Monash chemists working with industry on sustainable alternative to palm oil
Chemists at Monash University are working with industry on a new generation of sustainable surfactants for use in cleaning products, soaps and cosmetics to as an alternative to palm oil.
The Australian Research Council (ARC) awarded Monash $442,635 to work on the project, which aims to develop the compounds using Australian-grown oilseed feedstocks.
Monash will work in partnership with speciality chemicals manufacturer, Axeio and GO Resources, a renewable technology company that specialises in seed oil production, on the ARC Linkage Project.
“These molecules are designed to replace current materials made from petroleum and palm oil, to fulfil a key role as the next generation of bio-resourced detergents and emulsifiers,” said the project’s first investigator, associate professor Rico Tabor, from the Monash School of Chemistry.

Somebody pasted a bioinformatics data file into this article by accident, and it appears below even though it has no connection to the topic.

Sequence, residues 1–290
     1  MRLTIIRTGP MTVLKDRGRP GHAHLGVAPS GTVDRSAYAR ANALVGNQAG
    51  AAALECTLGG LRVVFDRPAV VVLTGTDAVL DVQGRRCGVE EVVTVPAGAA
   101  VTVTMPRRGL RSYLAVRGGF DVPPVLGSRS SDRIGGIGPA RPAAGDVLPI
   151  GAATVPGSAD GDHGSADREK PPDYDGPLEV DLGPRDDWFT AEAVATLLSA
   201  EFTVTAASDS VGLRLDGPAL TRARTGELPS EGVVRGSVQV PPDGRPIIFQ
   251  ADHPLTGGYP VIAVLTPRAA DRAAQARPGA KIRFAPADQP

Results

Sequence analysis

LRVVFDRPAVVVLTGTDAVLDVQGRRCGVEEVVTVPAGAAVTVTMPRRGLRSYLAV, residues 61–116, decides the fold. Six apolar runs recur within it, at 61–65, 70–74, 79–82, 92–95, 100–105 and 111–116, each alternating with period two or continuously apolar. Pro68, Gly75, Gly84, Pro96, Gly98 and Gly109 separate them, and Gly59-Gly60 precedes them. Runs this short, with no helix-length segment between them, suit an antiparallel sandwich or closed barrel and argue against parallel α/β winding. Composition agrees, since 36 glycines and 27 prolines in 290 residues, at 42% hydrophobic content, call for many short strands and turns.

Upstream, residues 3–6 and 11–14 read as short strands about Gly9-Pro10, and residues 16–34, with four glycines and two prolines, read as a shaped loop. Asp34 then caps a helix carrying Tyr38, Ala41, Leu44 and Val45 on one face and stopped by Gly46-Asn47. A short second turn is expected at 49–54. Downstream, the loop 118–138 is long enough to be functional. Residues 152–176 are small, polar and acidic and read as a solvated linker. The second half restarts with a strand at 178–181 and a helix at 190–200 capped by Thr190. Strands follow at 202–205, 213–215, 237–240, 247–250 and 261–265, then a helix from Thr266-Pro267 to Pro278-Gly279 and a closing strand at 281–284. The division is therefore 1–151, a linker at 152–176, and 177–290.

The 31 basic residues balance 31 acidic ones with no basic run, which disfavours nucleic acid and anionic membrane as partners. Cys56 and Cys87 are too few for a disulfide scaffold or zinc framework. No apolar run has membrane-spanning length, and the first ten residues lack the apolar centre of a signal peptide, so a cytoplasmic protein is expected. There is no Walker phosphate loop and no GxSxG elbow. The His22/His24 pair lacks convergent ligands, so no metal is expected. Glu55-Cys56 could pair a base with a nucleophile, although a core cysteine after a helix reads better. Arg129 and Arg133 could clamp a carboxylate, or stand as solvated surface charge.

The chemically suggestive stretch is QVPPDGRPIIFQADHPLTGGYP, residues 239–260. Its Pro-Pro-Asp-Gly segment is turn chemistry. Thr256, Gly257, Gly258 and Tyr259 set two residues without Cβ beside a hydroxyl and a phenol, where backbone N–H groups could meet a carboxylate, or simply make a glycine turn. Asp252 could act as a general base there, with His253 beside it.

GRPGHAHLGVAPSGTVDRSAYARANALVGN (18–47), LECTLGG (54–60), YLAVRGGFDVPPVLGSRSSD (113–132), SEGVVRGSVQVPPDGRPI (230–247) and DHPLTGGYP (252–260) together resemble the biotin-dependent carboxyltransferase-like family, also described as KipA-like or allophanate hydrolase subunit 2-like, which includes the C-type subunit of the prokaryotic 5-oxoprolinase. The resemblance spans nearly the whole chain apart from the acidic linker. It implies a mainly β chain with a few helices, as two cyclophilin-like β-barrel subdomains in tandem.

“We hope that the surfactants generated can be applied to household cleaning and personal care products, providing high-value chemicals from key Australian crops.”
Tabor said the produced molecules would have “improved biodegradability” and a “reduced ecological burden” compared to the controversial use of palm oil.
“Australia could position itself as a leading technology and materials supplier in this field as the potential for new export markets increases,” Tabor said.
The research team will investigate whether the new surfactant chemistries can be developed from Australian grown oilseeds for use in industries such as personal care products, laundry detergents and mining.
Axieo has committed $150k towards the new project.
Last year, UK supermarket Iceland became the first major supermarket in the country to cut palm oil from all its own-brand products. The retailer received much praise for its 2018 Christmas campaign, which told the story of an orangutan who has fled home due to the destruction of the rainforest by palm oil growers.
The advertisement was banned from television as it was deemed to be in breach of political advertising rules.